The fits that usually appear in dogs, though not very different in appearance from each other, arise from very different causes, and, therefore, require very different treatment The epileptic fits that attack dogs of all ages, and and otherwise apparently healthy, may be idiopathic, or they may probably arise from costiveness or worms, etc. In countries where there are lead mines, dogs have often violent fits from the effects of the lead on the water. The oxen, sheep, goats and horses, of such situations, also participate. Mercury appears to form the best antidote for these contractions, either rubbed externally or given internally.
In the treatment of (its, it is evident that the cause producing them must be attended to, to effect a cure. The immediate fit itself may be removed at once usually, by plunging the dog into cold water; or sprinkling it in his face even, is sufficient in many cases. Whenever a fit has happened to a healthy dog, he should immediately have a brisk purge given him, for fits are very frequently brought on by simple costiveness : and even if such was not the case previous to the fit, tins treatment would be the most proper. Should it be at all suspected that the affection arose from worms, treat as directed under that head. Some dogs are so irritable, that whatever raises any strong passion in their minds produces an epileptic attack : hence dogs much confined, on being suffered to run out, frequently have a fit. It is this irritability in the mind, likewise, that produces fits in Pointers and setters when hunting; for they are more frequent in the highbred and eager, than in the cool coarse dog. As a general rule, more frequent exercise should be allowed ; and, in this latter instance of sporting dogs, the general constitution should as much as possible be strengthened; for fits are here the effect of too much energy of the mind, beyond the powers of the body : and in all cases they are, probably, the effect of a peculiar debility. The irritability of the mind itself should also bo attempted to be lessened: in sporting dogs, it is best done by habituating them to the sight of much game, which greatly lessens their eagerness. For a very valuable dog, belonging to a gentleman in Kent, affected with fits whenever he hunted, I recommended a removal into a country more plentifully supplied with game than his neigh borhood afforded ; the consequence of which was, that though, for a few days after his removal, he had more frequent fits than ever, yet they gradually lessened, and at length wholly left him. Some dogs, however, who exercise much, have fits merely from the repletion of the head: in this case bleeding, an occasional purgative, with a seton worn some time in the neck, proves useful: and, whenever fits have become habitual, a seton should be applied, and kept in some months. Fear in irritable dogs produces fits, of which I have seen innumerable instances.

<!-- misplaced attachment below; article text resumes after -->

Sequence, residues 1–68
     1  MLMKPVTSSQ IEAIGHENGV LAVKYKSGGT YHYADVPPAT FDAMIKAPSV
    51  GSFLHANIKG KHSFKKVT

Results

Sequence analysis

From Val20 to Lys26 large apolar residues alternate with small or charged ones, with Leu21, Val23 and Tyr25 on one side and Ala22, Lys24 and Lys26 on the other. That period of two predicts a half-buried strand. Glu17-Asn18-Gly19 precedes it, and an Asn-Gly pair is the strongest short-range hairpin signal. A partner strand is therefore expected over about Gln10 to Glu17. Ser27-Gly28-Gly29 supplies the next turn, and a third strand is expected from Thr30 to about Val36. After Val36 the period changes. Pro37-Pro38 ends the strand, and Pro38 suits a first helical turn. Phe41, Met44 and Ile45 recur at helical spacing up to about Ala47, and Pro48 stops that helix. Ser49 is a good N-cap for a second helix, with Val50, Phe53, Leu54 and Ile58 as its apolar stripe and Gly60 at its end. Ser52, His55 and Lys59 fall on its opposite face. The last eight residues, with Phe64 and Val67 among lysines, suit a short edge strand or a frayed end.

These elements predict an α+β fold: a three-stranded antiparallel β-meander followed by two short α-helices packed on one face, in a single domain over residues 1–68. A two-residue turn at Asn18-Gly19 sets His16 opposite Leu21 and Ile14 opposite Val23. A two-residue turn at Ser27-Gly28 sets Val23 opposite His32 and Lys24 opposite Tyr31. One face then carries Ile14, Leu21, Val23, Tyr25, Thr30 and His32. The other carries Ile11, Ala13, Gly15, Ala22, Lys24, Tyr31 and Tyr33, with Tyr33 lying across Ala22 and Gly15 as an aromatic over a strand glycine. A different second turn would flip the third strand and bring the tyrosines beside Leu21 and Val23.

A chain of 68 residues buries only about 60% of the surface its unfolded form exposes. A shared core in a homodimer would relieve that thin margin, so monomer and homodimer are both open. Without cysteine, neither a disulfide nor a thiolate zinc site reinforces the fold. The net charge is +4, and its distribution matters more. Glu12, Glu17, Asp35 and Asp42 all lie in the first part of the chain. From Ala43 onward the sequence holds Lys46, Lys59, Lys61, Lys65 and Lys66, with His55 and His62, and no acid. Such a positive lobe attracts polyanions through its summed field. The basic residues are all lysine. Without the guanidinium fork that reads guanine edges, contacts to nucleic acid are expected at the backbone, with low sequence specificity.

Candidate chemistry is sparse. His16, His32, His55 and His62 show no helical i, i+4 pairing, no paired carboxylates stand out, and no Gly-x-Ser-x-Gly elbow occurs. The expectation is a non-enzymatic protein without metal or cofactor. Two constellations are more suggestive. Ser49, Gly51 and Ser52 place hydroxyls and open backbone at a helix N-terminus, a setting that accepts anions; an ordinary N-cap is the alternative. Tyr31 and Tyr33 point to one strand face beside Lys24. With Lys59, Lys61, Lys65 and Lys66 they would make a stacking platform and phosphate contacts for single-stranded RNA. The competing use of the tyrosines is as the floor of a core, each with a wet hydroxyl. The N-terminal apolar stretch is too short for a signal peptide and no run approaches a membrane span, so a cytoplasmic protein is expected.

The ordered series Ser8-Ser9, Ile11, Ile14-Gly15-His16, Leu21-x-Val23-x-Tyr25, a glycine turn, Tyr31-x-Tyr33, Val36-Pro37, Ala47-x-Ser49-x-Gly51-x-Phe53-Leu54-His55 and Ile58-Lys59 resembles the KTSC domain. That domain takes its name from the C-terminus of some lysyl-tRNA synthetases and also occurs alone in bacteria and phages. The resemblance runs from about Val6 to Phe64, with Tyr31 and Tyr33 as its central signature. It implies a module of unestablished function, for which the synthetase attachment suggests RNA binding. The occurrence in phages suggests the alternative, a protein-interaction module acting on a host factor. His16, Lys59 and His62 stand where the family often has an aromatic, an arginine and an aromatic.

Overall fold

A very distressing and dangerous kind of epileptic fits sometimes attacks bitches while suckling. In these cases it arises from the owners being too anxious to rear several puppies, by which they burthen the mother beyond her powers: the consequence is an attack of convulsions, which too frequently destroys the animal. Teething in puppies will sometimes produce fits; but some sportsmen, aware of this, fall into another extreme, and consider all the fits of young dogs to originate from this cause: when by far the greater number of these attacks are the effect of worms, or the precursors of distemper.
The fits that are the consequence of distemper, may be usually discovered by the other attendant symptoms: sometimes, however, a fit is the very first symptom, in which case it is remarkable, that the fit augurs nothing unfavourable : but when a fit comes on some time after distemper has made its appearance, the animal seldom recovers. The convulsions accompanying distemper are more frequent in winter than in summer, which shows that warmth is one of the best preventives against these attacks. The convulsion most usually present in distemper begin in the head, and first attacks the muscles of the face and jaws, producing a quick champing of the mouth, with a flow of frothy saliva from the jaws : each succeeding fit is usually stronger and more violent. Another form in which these fits make their appearance in this disease, is, by a running round, with other violent contortions of the whole body. In other instances, there is universal and continued spasm of the whole of the external muscles, very much resembling St. Vitus's- dance. All these varieties are sometimes blended, or degenerate into each other.
The idiopathic epilepsy, or those fits which appear habitual, and not dependent on any temporary cause, as costiveness, distemper, etc, are, in general, very difficult of cure. In dogs of very full habit, bleeding, emetics, and an occasional purge, should all be premised. In others, the following medicines may be at once proceeded on :—